"Virtue is the adherence in action to the nature of things, and the nature of things makes it prevalent. It consists in a perpetual substitution of being for seeming, and with sublime propriety God is described as saying, I A--."
"The sentiment of virtue is a reverence and delight in the presence of certain divine laws. It perceives that this homely game of life we play, covers, under what seem foolish details, principles that astonish."
"Evil can be got very easily and exists in quantity: the road to her is very smooth, and she lives near by. But between us and virtue the gods have placed the sweat of our brows; the road to her is long and steep, and it is rough at first; but when a man has reached the top, then she is easy to attain, although before she was hard."
"In sum, all actions and habits are to be esteemed good or evil by their causes and usefulness in reference to the commonwealth, and not by their mediocrity, nor by their being commended. For several men praise several customs, and, contrarily, what one calls vice, another calls virtue, as their present affections lead them."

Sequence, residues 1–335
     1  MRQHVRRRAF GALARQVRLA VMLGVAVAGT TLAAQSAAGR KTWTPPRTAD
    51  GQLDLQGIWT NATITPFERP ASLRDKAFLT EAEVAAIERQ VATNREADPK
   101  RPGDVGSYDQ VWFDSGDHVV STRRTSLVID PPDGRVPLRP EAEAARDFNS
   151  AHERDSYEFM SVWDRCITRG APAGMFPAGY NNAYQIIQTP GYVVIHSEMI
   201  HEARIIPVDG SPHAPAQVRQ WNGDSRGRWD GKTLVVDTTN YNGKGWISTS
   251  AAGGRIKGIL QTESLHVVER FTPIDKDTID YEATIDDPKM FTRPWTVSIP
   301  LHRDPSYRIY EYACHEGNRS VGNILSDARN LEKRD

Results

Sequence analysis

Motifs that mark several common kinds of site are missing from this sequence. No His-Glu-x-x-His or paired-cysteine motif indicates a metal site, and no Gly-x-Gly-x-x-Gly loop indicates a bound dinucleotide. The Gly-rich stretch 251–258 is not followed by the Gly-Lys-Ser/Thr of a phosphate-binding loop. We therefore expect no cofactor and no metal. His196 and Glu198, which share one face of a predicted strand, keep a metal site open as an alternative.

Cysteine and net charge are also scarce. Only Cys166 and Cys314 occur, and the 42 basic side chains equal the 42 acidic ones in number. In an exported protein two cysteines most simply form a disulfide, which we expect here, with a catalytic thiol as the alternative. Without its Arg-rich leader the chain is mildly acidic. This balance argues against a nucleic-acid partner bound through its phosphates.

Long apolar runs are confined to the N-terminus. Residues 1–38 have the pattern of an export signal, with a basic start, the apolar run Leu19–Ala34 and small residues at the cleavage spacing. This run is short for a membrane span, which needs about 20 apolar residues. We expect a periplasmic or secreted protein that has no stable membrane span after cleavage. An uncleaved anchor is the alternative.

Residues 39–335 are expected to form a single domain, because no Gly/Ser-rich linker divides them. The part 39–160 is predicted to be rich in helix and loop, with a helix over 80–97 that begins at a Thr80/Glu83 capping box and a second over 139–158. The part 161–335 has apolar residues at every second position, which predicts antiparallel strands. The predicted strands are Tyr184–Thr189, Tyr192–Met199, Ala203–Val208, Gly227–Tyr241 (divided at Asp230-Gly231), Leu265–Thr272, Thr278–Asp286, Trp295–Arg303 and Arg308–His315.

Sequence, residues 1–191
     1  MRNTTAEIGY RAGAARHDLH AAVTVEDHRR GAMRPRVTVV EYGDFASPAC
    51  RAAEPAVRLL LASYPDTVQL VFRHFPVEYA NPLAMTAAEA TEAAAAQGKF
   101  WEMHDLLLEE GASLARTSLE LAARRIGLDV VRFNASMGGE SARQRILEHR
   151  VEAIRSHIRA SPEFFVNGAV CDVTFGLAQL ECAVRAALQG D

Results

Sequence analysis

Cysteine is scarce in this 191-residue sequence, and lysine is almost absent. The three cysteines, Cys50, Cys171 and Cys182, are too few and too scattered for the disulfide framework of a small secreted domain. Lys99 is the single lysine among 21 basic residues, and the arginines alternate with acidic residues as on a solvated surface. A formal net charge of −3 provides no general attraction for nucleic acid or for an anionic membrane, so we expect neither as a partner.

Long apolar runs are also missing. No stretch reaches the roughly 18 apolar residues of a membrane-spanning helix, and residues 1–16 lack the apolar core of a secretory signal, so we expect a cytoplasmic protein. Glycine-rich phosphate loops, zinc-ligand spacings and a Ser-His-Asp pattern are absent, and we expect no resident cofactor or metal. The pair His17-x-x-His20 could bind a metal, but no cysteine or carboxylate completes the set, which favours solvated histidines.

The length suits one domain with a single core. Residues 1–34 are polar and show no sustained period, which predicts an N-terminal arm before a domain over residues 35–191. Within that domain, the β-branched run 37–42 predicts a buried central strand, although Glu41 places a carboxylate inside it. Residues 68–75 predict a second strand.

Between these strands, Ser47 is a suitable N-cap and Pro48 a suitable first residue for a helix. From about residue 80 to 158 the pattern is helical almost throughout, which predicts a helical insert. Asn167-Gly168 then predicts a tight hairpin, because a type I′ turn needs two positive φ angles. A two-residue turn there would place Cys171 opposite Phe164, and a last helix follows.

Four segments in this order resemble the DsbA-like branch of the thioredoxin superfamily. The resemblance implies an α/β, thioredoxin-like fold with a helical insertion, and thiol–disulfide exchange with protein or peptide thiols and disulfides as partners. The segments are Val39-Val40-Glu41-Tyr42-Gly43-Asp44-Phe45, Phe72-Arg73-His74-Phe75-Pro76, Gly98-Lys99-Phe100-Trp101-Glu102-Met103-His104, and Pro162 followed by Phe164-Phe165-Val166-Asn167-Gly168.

"Justice is a moral virtue, merely because it has that tendency to the good of mankind, and indeed is nothing but an artificial invention to that purpose. The same may be said of allegiance, of the laws of nations, of modesty, and of good manners. All these are mere human contrivances for the interest of society."
"Several moralists have recommended it as an excellent method of becoming acquainted with our own hearts, and knowing our progress in virtue, to recollect our dreams in a morning, and examine them with the same rigour that we would our most serious and most deliberate actions."
"Riches are valuable at all times, and to all men; because they always purchase pleasures, such as men are accustomed to, and desire: Nor can any thing restrain or regulate the love of money, but a sense of honour and virtue; which, if it be not nearly equal at all times, will naturally abound most in ages of knowledge and refinement."
"I will have no Parsons around me but such as drink deep, ride to Hounds and caress the Wives and Daughters of their Parishioners. A Virtuous Parson does nothing to test or exercise the Faith of his Flock."
"The people who make wars, the people who reduce their fellows to slavery, the people who kill and torture and tell lies in the name of their sacred causes, the really evil people in a word--these are never the publicans and the sinners. No, they're the virtuous, respectable men, who have the finest feelings, the best brains, the noblest ideals."